When I first heard that one of Herman Cain's accusers had the same last name as me, I immediately recognized there was a possibility I could get sucked into the media firestorm. After all, Kraushaar isn't the most common surname -- and I worked for Politico for several years. It wouldn't take much to make for some to wonder if there was some kind of connection.
But I never expected a presidential campaign spokesman to go on national television, without even contacting me, and falsely implicate me in the whole sordid scandal. Yesterday I'd received e-mails from dozens of reporters, friends and colleagues asking if I was related to Karen Kraushaar -- and I promptly told them that wasn't the case. I wasn't contacted at all by Cain's chief of staff Mark Block, or anyone else from Cain's campaign. Despite that, Block proceeded to go on Sean Hannity's Fox News show to proclaim that I was Karen Kraushaar's son and to suggest I was one of the people who leaked the story.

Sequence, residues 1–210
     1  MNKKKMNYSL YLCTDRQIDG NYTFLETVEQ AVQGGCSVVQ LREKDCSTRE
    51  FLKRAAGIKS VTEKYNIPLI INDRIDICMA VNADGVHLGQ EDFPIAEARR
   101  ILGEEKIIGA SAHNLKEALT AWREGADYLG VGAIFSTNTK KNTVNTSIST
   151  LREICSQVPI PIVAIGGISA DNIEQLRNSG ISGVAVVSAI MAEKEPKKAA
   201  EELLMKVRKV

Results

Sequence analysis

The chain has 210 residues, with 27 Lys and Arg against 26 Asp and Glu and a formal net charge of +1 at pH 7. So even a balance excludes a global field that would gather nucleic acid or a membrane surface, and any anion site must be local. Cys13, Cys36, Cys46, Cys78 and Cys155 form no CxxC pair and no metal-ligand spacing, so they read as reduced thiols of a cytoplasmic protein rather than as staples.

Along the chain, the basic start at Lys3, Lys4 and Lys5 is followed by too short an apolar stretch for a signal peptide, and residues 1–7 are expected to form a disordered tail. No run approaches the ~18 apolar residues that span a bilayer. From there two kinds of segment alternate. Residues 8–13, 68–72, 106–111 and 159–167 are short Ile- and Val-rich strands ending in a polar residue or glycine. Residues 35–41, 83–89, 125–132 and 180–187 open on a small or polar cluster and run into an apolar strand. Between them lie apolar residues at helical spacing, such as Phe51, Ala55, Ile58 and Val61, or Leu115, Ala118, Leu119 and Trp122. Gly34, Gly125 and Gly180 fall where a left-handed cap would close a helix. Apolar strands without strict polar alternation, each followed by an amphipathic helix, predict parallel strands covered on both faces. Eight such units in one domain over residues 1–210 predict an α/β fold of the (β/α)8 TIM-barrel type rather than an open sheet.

Anybody with Internet access would, at the very least, been able to figure out that I haven't worked for Politico since June 2010 -- and have been working at National Journal since then. I even Tweeted the fact that I wasn't related to Karen Kraushaar earlier that evening before Hannity's show to clear up any potential confusion.
That didn't stop Block. When I heard what Block had said on Hannity's show, I immediately e-mailed him informing him of his mistake. I still haven't heard back, though Cain campaign spokesman J.D. Gordon is now correcting the record - over 12 hours later. That's an eternity in the 24-7 news cycle, when most media outlets (conservative, liberal, and non-partisan alike) already had reported the facts.
DON'T MISS TODAY'S TOP STORIES
Chock full of usable information on today's issues."
Michael, Executive Director
Concise coverage of everything I wish I had hours to read about."
Chuck, Graduate Student
The day's action in one quick read."
Stacy , Director of Communications
Great way to keep up with Washington"
Ray, Professor of Economics